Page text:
Thanks to a recent comment by Sara Lier, I have the correct attribution for one of my favorite quotes. It was Muriel Rukeyser, the American poet and activist, who said, “The universe is made of stories, not atoms.”
I think Anam Thubten Rinpoche would agree. In his latest book, The Magic of Awareness 2012, he says enlightened consciousness is available any time we can let go of our story lines. He talks a lot about meditation as resting, as a cessation of effort including all efforts to meditate, to get enlightened, or collect any other spiritual goodies:
“Deeply resting is the point where we are no longer looking for anything else. As long as there is an act of searching for God or truth or eternal self, it is not only that we haven’t found it; we are actually moving away from it with great speed.”
We can all remember moments when we were “no longer looking for anything else.” They are often our most joyous moments. Anam Thubten’s teaching centers on this experience, on the deep truth and joy it contains.
The illusion of separation of self and other, self and the world, lies at the heart of all our troubles according to Buddha’s teaching, which Anam Thubten restates for the 21st century. Good or bad, any concept of “I” leads to a friend-or-foe, fight-or-flight relationship with the world. Yet “this ‘I’ is a fictitious entity that is always ready to whither away the moment we stop sustaining it…All we have to do is simply sit and pay attention to our breath, allowing ourselves to let go of all of our fantasies and mental images.” (from No Self, No Problem, 2009).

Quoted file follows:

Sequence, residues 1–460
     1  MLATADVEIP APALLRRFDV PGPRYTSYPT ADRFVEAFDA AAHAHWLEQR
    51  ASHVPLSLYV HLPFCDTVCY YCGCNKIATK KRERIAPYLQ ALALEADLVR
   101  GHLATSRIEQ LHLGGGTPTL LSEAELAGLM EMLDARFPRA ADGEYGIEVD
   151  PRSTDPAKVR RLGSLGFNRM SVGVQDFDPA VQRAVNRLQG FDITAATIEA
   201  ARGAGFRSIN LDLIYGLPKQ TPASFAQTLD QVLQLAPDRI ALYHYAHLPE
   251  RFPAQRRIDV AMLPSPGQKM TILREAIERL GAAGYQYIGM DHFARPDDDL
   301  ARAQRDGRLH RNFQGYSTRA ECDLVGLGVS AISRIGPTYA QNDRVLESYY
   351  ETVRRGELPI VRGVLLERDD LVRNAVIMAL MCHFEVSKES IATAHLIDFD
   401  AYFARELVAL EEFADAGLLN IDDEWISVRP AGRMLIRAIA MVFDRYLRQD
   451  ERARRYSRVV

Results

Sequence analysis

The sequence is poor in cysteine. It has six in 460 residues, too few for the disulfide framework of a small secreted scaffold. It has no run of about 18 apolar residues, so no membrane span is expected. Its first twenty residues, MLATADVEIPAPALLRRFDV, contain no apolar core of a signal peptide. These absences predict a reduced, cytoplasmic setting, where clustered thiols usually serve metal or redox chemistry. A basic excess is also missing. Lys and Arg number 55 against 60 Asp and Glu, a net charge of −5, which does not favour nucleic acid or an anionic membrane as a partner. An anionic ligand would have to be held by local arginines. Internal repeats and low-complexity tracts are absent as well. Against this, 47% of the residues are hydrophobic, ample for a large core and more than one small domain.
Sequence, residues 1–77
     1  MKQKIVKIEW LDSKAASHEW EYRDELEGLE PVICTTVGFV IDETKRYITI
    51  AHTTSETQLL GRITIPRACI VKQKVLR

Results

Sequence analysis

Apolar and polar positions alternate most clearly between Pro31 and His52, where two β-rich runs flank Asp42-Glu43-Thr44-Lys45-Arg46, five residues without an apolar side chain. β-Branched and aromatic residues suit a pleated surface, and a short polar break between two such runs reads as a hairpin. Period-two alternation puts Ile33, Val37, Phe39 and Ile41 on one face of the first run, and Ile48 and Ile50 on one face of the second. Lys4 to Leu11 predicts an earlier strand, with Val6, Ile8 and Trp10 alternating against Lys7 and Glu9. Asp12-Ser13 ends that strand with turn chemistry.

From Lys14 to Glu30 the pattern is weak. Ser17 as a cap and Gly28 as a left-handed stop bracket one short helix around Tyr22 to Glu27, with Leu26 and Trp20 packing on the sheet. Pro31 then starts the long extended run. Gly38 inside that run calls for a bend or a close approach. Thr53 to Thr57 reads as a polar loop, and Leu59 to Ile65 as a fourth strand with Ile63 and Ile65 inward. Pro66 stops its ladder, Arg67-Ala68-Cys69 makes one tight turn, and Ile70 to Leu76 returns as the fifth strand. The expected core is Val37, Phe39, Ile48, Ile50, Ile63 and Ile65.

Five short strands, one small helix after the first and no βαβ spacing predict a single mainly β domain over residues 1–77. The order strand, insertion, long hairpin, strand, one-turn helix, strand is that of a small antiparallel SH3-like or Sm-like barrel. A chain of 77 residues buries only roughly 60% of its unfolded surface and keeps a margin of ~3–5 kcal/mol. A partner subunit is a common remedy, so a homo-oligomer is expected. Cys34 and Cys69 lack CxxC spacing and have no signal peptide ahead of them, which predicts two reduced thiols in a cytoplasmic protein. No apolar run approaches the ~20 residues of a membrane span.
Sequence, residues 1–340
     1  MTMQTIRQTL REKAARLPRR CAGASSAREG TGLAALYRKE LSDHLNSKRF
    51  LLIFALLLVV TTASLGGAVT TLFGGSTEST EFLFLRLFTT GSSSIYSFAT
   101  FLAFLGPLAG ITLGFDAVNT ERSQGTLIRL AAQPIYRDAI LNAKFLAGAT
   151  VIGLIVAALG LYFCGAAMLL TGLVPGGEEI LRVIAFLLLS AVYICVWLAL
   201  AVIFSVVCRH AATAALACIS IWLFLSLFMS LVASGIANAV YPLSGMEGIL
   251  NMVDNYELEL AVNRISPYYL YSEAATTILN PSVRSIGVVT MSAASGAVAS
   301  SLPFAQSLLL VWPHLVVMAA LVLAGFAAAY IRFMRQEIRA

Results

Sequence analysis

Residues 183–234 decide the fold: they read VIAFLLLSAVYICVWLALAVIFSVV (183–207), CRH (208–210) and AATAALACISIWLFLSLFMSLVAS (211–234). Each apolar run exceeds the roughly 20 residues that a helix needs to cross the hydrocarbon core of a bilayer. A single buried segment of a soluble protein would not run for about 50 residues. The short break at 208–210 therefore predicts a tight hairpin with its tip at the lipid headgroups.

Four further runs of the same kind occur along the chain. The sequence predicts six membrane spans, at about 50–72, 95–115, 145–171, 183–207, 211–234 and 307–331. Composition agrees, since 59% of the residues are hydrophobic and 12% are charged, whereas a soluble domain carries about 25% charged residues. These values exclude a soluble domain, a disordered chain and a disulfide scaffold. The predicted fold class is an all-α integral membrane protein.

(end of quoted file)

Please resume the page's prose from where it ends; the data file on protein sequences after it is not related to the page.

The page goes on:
There’s nothing dumb about statements like that, since the teachers who make them never confuse the relative and ultimate levels of truth. This is my car and that one is yours, and things work out better between us if we remember which is which. The problem comes if I decide your car is better than mine. If I conclude I’m the kind of person who never gets what he wants. Maybe I’m undeserving…
The ego, the sense of a separate self, can spin such stories forever. Fortunately, it doesn’t take much to glimpse the alternative vision. “Try this,” says Anam Thubten. “Pay attention to your breath in silence. Look at your mind. Immediately we see that thoughts are popping up. Don’t react to them. Just keep watching your mind. Notice that there is a gap between each thought. Notice that there is a space between where the last thought came to an end and the next one hasn’t arrived yet. In this space there is no “I” or “me.” That’s it.” That, he says, is our ultimate and eternal nature.
Ideas like this do not demand belief, just consideration and perhaps later exploration. The books listed here are a good place to start, as well as the website for Anam Thubten’s Dharmata Foundation, located in Point Richmond, California.
Einstein once said the only important question is whether or not the universe is a friendly place. It is, according to Anam Thubten, as soon as we let go of our conditioned ideas that it is something else. That realization, or at least a glimpse of it, is always closer than we think, no matter who we are and what we are doing.